Halt will allow discussion of benefits and perceived fears of such work, and how it should proceed.
Flu researchers have agreed to self-impose a 60-day pause on work involving highly pathogenic avian influenza H5N1 that are transmissible in mammals. The halt, called by two independent research teams publishing work on the generation of avian H5N1 viruses that can be transmitted to ferrets, has been agreed by scientists around the world.
In studies to be published, Ron A. M Fouchier’s team at Erasmus MC in Rotterdam (the Netherlands) and Adolfo Carcia-Sastre and colleagues at the University of Wisconsin-Madison independently showed that live H5N1 viruses and viruses possessing a hemagglutinin (HA) protein from H5N1 viruses can become transmissible in ferrets. They had previously agreed to omit from their publications experimental details that would allow others to replicate the generation of ferret-transmissible H5N1.
In a statement released Friday afternoon in both Nature and Science, the teams stress that their studies do provide critical information that will help advance the scientific world’s understanding of how flu is transmitted. Moreover, they point out, influenza virus transmission studies in animal models are being carried out in laboratories globally under government-regulated and monitored international standards of biossafety and biosecurity. And whether the ferret-adapted viruses could even be transmitted between humans can’t be tested.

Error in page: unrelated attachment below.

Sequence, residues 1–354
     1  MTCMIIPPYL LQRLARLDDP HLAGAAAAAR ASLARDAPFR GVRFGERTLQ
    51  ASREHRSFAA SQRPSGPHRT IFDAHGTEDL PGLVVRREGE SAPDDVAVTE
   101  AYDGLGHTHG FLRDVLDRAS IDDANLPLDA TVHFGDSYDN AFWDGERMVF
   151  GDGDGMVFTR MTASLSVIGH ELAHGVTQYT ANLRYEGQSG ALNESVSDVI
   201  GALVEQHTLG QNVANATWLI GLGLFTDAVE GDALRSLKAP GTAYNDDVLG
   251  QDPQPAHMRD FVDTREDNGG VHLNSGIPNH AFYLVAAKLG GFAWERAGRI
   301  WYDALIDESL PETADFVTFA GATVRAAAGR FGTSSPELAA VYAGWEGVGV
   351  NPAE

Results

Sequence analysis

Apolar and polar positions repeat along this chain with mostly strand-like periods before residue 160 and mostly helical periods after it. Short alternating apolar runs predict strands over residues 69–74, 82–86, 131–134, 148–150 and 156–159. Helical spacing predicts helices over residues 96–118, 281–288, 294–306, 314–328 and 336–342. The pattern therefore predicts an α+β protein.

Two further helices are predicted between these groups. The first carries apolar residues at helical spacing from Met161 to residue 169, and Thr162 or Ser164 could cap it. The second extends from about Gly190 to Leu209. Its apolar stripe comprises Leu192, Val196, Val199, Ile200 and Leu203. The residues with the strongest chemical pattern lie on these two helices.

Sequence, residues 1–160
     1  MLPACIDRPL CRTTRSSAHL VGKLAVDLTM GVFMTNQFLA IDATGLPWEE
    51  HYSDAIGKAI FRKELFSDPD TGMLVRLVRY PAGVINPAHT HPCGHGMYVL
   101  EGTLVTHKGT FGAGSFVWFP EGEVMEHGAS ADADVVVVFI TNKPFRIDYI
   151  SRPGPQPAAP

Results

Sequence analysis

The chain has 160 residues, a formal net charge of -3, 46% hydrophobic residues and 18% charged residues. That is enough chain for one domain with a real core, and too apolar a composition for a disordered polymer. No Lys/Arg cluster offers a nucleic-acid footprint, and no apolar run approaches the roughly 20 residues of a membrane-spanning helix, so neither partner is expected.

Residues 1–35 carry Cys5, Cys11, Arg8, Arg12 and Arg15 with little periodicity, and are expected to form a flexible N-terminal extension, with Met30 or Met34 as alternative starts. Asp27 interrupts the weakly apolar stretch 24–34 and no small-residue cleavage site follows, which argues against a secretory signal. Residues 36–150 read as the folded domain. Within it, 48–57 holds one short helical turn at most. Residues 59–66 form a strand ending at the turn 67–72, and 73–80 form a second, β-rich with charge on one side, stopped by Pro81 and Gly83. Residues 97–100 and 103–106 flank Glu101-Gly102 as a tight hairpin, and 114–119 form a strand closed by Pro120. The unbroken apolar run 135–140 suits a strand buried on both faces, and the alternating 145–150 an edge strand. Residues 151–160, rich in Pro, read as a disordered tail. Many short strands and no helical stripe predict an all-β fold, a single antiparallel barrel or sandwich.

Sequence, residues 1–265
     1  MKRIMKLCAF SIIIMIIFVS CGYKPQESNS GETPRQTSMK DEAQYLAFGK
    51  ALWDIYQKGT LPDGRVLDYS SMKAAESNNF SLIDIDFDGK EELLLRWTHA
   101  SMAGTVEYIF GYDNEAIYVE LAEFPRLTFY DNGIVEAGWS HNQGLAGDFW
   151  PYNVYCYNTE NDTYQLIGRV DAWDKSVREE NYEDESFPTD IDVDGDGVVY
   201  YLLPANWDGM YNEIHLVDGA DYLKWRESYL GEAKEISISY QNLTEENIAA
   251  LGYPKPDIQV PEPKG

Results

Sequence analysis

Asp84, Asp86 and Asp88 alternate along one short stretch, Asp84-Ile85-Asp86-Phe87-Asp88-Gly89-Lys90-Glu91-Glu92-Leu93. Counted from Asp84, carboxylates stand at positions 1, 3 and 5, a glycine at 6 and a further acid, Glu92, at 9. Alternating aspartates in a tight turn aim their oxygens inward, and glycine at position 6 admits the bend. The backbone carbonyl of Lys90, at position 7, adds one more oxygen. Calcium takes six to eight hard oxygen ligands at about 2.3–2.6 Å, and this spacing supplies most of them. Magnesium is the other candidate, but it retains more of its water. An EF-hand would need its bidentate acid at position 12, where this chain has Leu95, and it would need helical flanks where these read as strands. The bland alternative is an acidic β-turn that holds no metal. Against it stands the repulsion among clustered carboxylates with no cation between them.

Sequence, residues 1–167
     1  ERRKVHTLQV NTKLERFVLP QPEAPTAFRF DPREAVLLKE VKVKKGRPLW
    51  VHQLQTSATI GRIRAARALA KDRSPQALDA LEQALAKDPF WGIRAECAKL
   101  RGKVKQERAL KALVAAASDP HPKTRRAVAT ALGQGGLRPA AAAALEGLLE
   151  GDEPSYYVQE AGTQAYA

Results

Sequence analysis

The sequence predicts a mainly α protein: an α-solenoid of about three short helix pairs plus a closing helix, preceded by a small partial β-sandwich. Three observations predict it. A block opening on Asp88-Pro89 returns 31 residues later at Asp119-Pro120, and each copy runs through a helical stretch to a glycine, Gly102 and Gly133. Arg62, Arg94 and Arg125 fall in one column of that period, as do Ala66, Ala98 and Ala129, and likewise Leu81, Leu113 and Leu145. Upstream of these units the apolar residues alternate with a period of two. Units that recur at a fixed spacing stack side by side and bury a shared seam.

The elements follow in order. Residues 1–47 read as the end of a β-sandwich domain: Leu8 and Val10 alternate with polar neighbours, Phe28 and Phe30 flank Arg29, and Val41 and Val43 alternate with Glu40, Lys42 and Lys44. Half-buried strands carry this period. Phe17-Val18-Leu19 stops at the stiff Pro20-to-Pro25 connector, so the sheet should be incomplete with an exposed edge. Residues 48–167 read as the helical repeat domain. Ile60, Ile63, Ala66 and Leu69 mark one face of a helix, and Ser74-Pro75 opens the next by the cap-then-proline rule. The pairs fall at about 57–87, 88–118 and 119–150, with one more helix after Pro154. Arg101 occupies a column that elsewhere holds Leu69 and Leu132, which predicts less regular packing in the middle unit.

Nevertheless, they admit, “a perceived fear that the ferret-transmissible H5 HA viruses may escape from the laboratories has generated intense public debate in the media on the benefits and potential harm of this type of research.” As a result of this unease, the scientists are advocating an international forum in which the scientific community can discuss and debate issues surrounding the importance and safety of such research.
“We realize that organizations and governments around the world need time to find the best solutions for opportunities and challenges that stem from the work,” the scientists state. “To provide time for these discussions, we have agreed on a voluntary pause of 60 days on any research involving highly pathogenic avian influenza H5N1 viruses leading to the generation of viruses that are more transmissible in mammals. In addition, no experiments with live H5N1 or H5 HA reassortant viruses already shown to be transmissible in ferrets will be conducted during this time.”